Last Updated 09/09/2016: In this article we’re going to outline some of the top powerlifting accessories every serious powerlifter should have. Obviously a couple of the brands we recommend are going to be slightly bias, but this is only because we believe we have the best powerlifting accessories on the market today. We will also be including recommendations for other powerlifting gear which we believe to benefit the perform of any lifter.
As powerlifting is centred around 3 primary lifts, we will be breaking down the best accessories to aid in performance for each. If you’re looking to compete in a powerlifting meet, you should check the federations requirements to see if the gear you are planning to use is “legal” in that specific meet. If you like the look of any product simply click the image and it will take you to the product page.
- 1 Squat
- 2 Bench Press
- 3 Deadlift
- 4 Other Accessories
If you’re serious about powerlifting or weightlifting these should be the first item on your list. A weightlifting shoe is specifically designed for squatting (and the Olympic weightlifting lifts.) A secure, raised shoe that allows the athlete to “sit” into a squat more easily without the heels coming up. When it came to selecting a brand, there are really only 2 contenders. The first is the Nike Romaleos 2, although unfortunately you cannot get these shipped to the UK (for under £200!) The second recommended brand is the Adidas Adipower. These come in white or red/black. (Personally I have the white ones and they look pretty sweet.) These will set you back about £125, which is a lot but these shoes will last for years.
As I write this article we are currently designing a powerlifting specific weightlifting belt. It will be legal for all federations and should go live by the end of 2016. In the mean time there are a very brands we recommend that produce high quality belts. Belts can be used for all 3 of the powerlifting lifts but is generally used in the squat and deadlift to help the individual brace their core before performing a heavy lift. I would recommend picking up a lever belt as these are generally more durable and have a tighter fit. You can see our types of lifting belt article here.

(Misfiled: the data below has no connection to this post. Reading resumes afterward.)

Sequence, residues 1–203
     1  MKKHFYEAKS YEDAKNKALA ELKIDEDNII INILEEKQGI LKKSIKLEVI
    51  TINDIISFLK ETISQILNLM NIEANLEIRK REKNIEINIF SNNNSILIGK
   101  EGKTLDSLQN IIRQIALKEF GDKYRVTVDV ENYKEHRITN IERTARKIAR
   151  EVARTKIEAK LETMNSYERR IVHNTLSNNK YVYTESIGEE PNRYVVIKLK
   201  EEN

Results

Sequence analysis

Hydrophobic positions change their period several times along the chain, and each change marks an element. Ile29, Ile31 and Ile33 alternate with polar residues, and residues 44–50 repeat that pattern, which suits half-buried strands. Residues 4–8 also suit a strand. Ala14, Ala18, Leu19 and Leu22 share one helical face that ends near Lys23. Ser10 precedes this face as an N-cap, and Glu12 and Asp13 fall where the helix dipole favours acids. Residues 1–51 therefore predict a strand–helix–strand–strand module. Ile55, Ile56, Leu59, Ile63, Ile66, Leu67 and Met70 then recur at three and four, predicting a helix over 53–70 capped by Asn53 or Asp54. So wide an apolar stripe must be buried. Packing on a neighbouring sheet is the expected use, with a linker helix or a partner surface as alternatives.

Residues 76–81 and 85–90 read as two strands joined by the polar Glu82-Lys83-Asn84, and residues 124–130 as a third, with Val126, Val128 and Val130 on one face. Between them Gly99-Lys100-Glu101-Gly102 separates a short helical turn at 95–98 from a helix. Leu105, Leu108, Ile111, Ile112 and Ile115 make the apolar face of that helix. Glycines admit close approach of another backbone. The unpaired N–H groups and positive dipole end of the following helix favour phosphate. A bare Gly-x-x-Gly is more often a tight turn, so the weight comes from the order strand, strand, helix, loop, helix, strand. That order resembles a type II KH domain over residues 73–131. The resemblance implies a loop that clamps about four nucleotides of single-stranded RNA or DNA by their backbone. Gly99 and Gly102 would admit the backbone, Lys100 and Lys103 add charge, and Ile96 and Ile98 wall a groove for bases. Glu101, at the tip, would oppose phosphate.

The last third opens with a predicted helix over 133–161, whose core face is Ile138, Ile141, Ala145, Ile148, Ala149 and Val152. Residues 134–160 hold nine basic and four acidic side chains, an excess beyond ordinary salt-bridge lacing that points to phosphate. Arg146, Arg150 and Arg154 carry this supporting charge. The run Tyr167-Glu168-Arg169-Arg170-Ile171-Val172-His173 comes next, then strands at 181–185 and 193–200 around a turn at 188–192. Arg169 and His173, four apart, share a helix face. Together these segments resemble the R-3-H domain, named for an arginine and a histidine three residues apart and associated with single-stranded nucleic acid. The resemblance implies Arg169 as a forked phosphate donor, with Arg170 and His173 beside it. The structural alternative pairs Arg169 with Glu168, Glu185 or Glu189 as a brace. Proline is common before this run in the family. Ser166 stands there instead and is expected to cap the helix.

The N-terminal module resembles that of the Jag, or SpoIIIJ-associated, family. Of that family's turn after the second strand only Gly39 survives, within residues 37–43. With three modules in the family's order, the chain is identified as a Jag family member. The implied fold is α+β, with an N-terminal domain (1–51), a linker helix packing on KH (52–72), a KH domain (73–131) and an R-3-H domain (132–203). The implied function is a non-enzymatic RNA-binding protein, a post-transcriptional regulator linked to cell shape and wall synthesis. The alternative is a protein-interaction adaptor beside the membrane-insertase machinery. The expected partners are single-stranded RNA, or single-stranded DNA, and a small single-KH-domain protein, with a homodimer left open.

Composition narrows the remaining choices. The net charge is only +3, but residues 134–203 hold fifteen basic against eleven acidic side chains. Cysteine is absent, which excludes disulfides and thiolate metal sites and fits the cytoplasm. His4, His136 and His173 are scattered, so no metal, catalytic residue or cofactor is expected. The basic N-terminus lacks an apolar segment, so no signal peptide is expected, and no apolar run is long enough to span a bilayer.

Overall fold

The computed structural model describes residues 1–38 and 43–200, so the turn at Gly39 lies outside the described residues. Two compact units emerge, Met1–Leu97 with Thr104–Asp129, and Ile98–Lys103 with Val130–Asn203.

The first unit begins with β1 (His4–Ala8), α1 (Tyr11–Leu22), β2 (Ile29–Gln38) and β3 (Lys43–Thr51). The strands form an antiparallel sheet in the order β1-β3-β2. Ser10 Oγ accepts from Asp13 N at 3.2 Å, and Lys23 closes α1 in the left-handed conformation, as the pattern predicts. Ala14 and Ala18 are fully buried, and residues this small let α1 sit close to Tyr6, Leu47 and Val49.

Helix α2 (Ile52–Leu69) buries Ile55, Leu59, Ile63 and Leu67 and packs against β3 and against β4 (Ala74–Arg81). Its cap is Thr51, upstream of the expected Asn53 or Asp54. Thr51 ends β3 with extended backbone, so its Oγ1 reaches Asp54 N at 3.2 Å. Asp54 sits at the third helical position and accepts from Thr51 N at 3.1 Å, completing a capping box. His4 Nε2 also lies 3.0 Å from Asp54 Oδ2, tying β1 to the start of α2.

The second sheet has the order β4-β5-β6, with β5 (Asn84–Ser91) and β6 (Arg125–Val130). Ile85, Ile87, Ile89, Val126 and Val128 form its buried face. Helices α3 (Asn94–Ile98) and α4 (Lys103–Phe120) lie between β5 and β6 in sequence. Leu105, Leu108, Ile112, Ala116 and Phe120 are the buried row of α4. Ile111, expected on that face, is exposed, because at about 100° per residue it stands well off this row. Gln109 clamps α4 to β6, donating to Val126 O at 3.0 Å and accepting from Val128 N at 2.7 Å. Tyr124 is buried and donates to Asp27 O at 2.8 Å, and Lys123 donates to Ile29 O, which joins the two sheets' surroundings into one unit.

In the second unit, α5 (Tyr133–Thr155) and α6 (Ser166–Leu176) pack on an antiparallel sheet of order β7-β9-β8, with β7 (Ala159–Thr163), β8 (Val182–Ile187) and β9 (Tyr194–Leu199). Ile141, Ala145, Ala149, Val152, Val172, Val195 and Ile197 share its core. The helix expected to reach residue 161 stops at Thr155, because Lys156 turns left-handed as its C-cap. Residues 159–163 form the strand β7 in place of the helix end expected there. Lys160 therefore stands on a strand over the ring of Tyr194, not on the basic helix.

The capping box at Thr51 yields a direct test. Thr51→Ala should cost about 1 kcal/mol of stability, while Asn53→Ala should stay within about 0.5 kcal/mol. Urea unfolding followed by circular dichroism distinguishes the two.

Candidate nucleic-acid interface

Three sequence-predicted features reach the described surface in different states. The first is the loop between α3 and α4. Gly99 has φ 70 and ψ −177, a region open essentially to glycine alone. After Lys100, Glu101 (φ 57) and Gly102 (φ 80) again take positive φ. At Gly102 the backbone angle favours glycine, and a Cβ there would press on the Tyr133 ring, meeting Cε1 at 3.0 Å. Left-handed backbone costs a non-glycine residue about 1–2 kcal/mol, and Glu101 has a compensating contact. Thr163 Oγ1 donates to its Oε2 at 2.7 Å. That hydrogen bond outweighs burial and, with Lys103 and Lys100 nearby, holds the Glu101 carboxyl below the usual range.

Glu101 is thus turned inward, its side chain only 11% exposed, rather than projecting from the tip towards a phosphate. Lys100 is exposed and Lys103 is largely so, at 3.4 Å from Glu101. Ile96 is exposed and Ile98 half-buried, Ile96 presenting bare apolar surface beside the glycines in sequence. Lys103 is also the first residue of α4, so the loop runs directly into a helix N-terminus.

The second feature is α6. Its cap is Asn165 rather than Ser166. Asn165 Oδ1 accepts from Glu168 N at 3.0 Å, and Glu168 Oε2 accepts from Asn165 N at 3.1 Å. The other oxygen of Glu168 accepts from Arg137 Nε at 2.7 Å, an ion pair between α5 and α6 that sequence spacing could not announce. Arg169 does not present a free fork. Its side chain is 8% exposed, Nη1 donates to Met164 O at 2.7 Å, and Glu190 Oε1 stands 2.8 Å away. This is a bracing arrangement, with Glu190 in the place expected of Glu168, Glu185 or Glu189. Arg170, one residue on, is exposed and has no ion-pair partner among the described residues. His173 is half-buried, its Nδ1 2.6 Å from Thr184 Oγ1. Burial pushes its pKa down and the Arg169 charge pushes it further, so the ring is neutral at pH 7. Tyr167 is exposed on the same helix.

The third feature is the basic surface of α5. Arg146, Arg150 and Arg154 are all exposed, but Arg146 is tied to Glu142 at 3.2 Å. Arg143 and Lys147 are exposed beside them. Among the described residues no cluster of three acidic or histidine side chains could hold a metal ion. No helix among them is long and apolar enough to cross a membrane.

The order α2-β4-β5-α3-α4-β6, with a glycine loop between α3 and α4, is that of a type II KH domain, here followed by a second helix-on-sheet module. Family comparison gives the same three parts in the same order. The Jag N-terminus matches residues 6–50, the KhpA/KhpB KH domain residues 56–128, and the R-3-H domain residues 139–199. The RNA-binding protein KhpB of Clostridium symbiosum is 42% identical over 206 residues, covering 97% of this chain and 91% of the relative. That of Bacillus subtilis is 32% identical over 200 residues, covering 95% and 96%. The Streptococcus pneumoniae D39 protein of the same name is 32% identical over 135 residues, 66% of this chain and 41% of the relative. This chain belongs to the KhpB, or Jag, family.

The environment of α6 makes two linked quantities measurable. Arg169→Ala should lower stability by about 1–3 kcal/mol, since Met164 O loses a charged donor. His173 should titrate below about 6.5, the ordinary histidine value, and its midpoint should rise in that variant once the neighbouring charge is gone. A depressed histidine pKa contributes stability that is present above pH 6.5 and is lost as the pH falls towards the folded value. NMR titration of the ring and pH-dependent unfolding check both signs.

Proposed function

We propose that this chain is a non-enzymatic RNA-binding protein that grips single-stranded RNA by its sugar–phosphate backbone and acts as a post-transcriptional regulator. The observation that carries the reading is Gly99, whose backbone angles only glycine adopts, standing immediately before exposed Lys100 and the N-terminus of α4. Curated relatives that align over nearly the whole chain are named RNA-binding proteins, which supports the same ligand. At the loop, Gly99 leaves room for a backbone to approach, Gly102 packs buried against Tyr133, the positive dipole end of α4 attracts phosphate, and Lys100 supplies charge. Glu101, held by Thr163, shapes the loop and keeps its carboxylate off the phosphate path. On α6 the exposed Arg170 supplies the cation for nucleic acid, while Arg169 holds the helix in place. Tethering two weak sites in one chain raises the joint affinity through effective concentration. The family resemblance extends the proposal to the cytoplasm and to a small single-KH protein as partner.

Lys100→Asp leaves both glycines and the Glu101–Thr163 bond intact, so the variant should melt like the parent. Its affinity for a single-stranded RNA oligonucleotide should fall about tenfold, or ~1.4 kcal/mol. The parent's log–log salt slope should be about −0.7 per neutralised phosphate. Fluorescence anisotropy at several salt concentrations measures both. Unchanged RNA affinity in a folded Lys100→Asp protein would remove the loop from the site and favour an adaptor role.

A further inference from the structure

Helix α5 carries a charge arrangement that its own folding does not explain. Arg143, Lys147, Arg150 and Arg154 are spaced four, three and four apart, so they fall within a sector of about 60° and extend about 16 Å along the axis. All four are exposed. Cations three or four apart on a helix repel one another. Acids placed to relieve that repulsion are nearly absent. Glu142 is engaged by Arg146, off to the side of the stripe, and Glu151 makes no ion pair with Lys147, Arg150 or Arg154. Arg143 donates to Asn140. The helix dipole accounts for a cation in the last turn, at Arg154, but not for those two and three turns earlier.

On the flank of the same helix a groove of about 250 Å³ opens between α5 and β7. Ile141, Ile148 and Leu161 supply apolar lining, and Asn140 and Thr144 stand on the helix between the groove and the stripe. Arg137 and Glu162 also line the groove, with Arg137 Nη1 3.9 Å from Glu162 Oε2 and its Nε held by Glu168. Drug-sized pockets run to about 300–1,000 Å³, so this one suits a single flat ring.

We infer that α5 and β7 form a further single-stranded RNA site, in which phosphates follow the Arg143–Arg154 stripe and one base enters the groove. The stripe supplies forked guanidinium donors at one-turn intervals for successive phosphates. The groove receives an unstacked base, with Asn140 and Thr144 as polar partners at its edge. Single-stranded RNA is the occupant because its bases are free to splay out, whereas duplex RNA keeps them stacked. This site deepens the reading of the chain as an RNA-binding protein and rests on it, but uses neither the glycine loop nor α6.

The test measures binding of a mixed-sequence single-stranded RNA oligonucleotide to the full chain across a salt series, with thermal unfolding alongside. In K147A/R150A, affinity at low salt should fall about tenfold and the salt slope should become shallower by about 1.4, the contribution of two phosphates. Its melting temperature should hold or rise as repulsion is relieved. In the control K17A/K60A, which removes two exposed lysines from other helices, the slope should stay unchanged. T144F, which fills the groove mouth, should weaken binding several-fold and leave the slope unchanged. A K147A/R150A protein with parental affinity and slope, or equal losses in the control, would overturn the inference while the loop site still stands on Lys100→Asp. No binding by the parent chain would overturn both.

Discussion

Knee sleeves are tight Neoprene material sleeves that slip up onto your knees to give you additional support and comfort when performing a squat. These are used by a wide range of athletes generally for 2 different reasons. The first is to prevent injury from having “cold knees” for example if you are an older athlete. The second reason is to help support the knees when performing a 1 rep max. Sleeves add a small amount to your overall squat and usually are allowed by most powerlifting federations. The brand we recommend is Rehband, slightly more expensive that your average sleeves but a step above all in the quality and durability elements.
Knee wraps are generally seen as a “step up” from knee sleeves. Many federations will allow sleeves to be used in the squat whereas wraps are only allowed in a select few, so remember to check before going to a meet. Wraps themselves offer more support (which is why they are banned) and are generally cheaper too. The brand I recommend for knee wraps is Urban Lifters, there product has a number of great reviews and is well known in the powerlifting community as being an overall reliable product.